You received notice that a former employee appealed your denial for unemployment benefits. What should you do to prepare for the unemployment hearing?
Contesting (and Winning) an Unemployment Claim
When you receive notice of a former employee's unemployment claim, always contest it when the employee had quit or was fired. Here's how.
Let’s say you have a former employee who was fired a year ago for inappropriate workplace behavior. Today you received notice that she filed for unemployment.
Should you appeal her unemployment claim? The short answer: yes.
Does everyone “deserve” unemployment insurance?
The Unemployment Insurance program (UI) was created to help individuals who are unemployed through no fault of their own. It’s intended to be temporary assistance for qualified people to meet basic needs while seeking new job opportunities.
If your former employee was fired for inappropriate workplace behavior, it appears to be an unwarranted unemployment claim. But that doesn’t necessarily mean she isn’t eligible for UI; it means your company shouldn’t be culpable for UI wages paid to her.
Why would I receive an unemployment claim for somebody who isn’t eligible?
When someone files for unemployment benefits, the state has a look-back period to determine which employers may be impacted. In most states, that period is the previous five quarters from when the claim is filed. Any company for which someone worked during those first four of five quarters will receive notice of a former employee’s unemployment claim, with the chance to contest it.
For example, let’s say your former employee files an unemployment claim on February 18th. The previous 5 quarters would be Oct-Dec (Quarter 5), July-Sep (Quarter 4), Apr-Jun (Quarter 3), Jan-Mar (Quarter 2), and Oct-Dec of the previous year (Quarter 1). All organizations for whom she worked during those first 4 of 5 quarters would receive notification of her claim.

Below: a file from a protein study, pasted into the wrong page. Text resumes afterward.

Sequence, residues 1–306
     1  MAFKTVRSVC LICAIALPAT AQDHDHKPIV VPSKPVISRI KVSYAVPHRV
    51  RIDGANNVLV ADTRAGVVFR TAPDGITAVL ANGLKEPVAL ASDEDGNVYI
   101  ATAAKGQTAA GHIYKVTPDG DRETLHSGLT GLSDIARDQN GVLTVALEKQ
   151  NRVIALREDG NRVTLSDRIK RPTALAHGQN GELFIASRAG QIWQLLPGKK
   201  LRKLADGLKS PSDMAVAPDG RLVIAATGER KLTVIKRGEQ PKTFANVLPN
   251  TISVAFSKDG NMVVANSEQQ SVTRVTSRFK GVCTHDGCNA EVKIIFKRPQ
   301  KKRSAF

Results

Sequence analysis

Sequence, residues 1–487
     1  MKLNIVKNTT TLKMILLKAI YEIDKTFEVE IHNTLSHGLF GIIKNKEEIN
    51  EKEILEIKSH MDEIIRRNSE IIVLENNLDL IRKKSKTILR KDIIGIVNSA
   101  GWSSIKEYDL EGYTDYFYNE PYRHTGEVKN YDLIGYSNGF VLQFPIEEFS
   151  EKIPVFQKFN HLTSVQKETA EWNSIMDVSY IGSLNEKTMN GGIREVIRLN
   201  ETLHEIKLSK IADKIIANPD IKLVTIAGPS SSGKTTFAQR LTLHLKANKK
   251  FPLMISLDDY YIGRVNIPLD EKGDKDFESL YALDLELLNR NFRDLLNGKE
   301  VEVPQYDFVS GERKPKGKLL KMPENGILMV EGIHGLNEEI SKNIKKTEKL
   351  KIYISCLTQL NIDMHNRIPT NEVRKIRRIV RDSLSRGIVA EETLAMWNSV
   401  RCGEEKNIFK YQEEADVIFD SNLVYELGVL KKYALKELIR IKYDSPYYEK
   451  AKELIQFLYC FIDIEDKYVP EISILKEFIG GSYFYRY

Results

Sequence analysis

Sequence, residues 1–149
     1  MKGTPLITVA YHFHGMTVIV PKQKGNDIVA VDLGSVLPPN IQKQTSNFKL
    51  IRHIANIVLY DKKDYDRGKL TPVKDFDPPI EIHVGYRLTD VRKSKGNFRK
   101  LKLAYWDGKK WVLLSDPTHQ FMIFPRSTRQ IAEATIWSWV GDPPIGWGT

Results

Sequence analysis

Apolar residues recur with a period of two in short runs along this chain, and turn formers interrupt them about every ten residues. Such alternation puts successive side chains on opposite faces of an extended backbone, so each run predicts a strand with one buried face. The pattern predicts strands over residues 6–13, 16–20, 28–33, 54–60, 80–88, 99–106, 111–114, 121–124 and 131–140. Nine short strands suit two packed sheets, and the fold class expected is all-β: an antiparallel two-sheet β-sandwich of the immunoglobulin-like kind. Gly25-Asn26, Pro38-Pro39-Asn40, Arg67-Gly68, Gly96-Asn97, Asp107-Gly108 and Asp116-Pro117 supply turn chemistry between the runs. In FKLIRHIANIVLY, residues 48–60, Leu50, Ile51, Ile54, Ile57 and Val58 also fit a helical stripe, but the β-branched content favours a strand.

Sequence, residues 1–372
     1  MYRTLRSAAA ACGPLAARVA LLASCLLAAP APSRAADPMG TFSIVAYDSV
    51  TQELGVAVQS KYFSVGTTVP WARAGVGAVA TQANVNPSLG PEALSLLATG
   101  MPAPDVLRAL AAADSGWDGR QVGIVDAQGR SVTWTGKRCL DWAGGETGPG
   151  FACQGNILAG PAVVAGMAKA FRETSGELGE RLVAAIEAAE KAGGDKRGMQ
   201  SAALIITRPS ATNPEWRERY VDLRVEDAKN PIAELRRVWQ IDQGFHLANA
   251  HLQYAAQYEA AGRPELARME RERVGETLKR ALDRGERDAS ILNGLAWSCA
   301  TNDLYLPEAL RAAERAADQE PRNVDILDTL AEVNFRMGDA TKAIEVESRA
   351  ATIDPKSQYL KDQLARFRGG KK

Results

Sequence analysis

Although this former worker was fired for inappropriate workplace behavior at your company, she may still be eligible for benefits. It’s possible she started working for another organization who then laid her off with no attributable fault of her own. However, you should always contest it when the individual was termed from your company for any reason beyond a genuine lack of work (layoff) to avoid culpability.
How do I contest a frivolous unemployment claim?
To determine your company’s culpability for UI wages, there are two main focal points: knowledge and control. You must show that the former employee had knowledge that their behavior may lead to termination and that they could have controlled the outcome. Building a strong case includes the following:
1. Clear and Consistent Company Policies
Your company needs to prove it had clear policies in place, that the individual was aware of these policies, and that your company has always been consistent with following those policies in every situation. If any policies are ever updated, you need proof of having communicated those changes to all staff.
Your employee handbook should outline its corrective action process and may even identify behaviors that may warrant immediate termination. Having a copy of the former employee’s signed acknowledgment page of the employee handbook and a clean track record of always following the outlined policies will significantly help your case.
2. Thorough Documentation
The burden of proof is on you, the employer, whenever a former employee makes a claim. Always maintain documentation for any employment action to protect your company and avoid the “he-said, she-said” arguments. Documentation may include text messages, photos, emails, copies of warnings, and so on.
If a verbal warning is the first step in your corrective action process, be sure to document it afterwards. Go one step further and have the employee sign the documented verbal warning. Following your corrective action process and documenting every step along the way provides a strong case that the employee had knowledge and control over the situation.
In summary, you should always contest an unemployment claim any time an employee voluntarily quits or is fired. To help you remember each situation, follow your outlined company policies, and document the process of every employment action taken. If you have a Human Resources Information System, be sure to accurately indicate the reason for termination. Where applicable, upload all documentation for easy future reference.
For more information, please contact your certified HR expert. Not a current Stratus HR client? Book a consultation and our team will contact you shortly.